If you have already been diagnosed with eczema, you know the irritations of the red, inflamed, itchy and excessively dry skin that the condition causes. Unfortunately, your concern doesn’t stop there. Patient’s who have been diagnosed with dermatitis need to be aware of infections and take preventive measures that are necessary for warding them off.
One of the most common and dangerous infections is caused by the bacteria Staphylococcus aureus. This bacteria leads to Staph Infection. About 90% of eczema sufferers are colonized with Staphylococcus aureus on their skin just itching to enter any number of the wounds, scabs or cracks associated with untreated eczema. Another location of this bacteria is inside the nasal cavity. It is extremely important that you keep your fingers (or those fingers of little ones diagnosed with dermatitis) out of the nose.
Symptoms of skin infections may include:
- Blisters filled with pus that may or may not burst and leak.
- Inflammation of the skin that produces heat that can be felt by the touch.
- Swelling of the skin.
- Extreme redness of the skin.
- Honey colored crusting around the infected area of the skin.
- Outbreak of bumps that appear like cold sores.
If you suspect that you have contracted an infection or are experiencing any of these symptoms with your eczema, it is imperative that you make an appointment with a licensed dermatologist right away. You can often help get it under control by treating your eczema. When eczema is left untreated, the likelihood of staph infection can increase and can become dangerous if not addressed.
In my experience, the vast majority of cases of eczema that are even frankly infected can often be controlled by treating the eczema. One study even showed that the use of topical steroids actually decreased infection rates; probably because it helped to decrease the inflammation that was causing the skin barrier to crack. Of note, topical steroids need to be used in addition to methods for skin barrier optimization to help prevent the steroids from breaking down the very important lipid layer of the skin.
Measures for Avoiding Skin Infection
- Showering and Bathing: Avoid excessive bathing
- Soaps: Use mild soaps if you use any soap at all. Most soaps in the world contain countless irritants and allergens that have been found to be particularly bad for the treatment of eczema. Only use soap if the affected area literally needs cleaning. Be sure to avoid surfactants including cocamidopropyl betaine, cocamide DEA and MEA, and some people can even be allergic to the glucoside surfactants (the name of the ingredient on the bottle will include the word; glucoside.). Also avoid any sulfates, fragrances, dyes, and essential oils. Even oatmeal containing soaps are not really a good idea for eczema sufferers as there may be a lurking gluten allergy in a few people. I have been working on some safe soaps for about two years and hopefully they will be available soon!.
- Moisturize: Moisturize right after showering. Apply moisturizer at least twice a day. It is best to stick to a routine and not switch out products. If you use one lotion one day and a different one the next and experience some type of reaction, it would be difficult for you to determine which product was causing the irritation. Truly hypoallergenic products are perfect for all skin types, but the term hypoallergenic is completely unregulated, so please make yourself aware of the allergens that can make eczema worse. Naturally, the TrueLipids line is hypoallergenic, is free of 88 top allergens and focuses on skin barrier optimization (SBO), meaning it is formulated to help the skin repair itself with essential skin lipid replacement.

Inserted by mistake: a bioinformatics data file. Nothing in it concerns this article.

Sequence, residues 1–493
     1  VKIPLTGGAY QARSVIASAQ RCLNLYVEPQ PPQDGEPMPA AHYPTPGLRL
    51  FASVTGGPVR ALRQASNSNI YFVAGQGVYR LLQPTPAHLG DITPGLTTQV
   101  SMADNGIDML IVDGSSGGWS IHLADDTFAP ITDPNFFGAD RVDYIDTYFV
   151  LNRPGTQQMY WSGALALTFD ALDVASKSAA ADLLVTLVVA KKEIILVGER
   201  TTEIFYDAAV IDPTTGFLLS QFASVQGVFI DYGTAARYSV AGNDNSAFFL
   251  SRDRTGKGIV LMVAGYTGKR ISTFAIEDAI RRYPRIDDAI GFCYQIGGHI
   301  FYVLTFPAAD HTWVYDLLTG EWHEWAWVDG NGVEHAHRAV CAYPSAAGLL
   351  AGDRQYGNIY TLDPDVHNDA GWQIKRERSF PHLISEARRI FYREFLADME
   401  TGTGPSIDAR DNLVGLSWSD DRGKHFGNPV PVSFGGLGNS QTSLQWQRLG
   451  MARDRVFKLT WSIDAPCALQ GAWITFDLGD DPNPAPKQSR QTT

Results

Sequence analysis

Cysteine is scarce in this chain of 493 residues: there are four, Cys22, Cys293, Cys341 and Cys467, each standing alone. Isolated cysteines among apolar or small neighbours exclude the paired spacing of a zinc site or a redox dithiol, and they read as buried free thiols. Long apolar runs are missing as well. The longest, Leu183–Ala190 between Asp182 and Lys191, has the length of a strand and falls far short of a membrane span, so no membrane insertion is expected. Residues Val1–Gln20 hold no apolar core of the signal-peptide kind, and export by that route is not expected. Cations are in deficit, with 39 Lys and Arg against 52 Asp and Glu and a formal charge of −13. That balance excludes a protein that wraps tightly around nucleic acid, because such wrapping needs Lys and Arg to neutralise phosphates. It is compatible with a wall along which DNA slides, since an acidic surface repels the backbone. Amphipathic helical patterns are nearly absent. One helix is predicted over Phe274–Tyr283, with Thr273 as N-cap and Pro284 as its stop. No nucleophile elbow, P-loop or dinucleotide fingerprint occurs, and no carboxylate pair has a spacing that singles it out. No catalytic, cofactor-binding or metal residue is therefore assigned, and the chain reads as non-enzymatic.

- Ceramides: Ceramides make up about 47% of the epidermis. Your skin loses essential ceramides with sun damage, exposure to extremely hot climates and other environmental factors. It is important to replace the ceramides that are crucial to optimizing your skin’s barrier. The best skin care products will utilize the healing properties of ceramides.
- Humidity: Invest in a humidifier and keep the humidity at 45-55%, to avoid excessive drying of the skin.
- Avoid Scratching: When you have an itch that won’t quit it can prove difficult not to scratch it but it is especially important to minimize scratching when infection is involved. Take preventive measures including such as, trimming your nails short, icing areas that are extremely itchy, applying a hydrocortisone cream and applying pressure to the area that itches. Scratching is the number one thing to spread infection in eczema. Luckily, severe and systemic infections from Staphylococcus aureus are rather uncommon in most cases of eczema; especially when the eczema is treated appropriately.
- Know Your Triggers: Identifying triggers that initiate eczema flares is essential to your defense plan. Keep a journal of activities, foods consumed and other environmental factors that could be causing your flares to worsen. This will help you to avoid your triggers. What triggers one person varies from what triggers another. Of note, a recent review on diet in eczema showed that it is really not necessary to go through the very painful food restriction diets that so many people do unless you are one of those people who have an obvious trigger.
By adhering to these skin care tips you will best optimize your skin’s barrier, ward off infection and improve your skin’s health.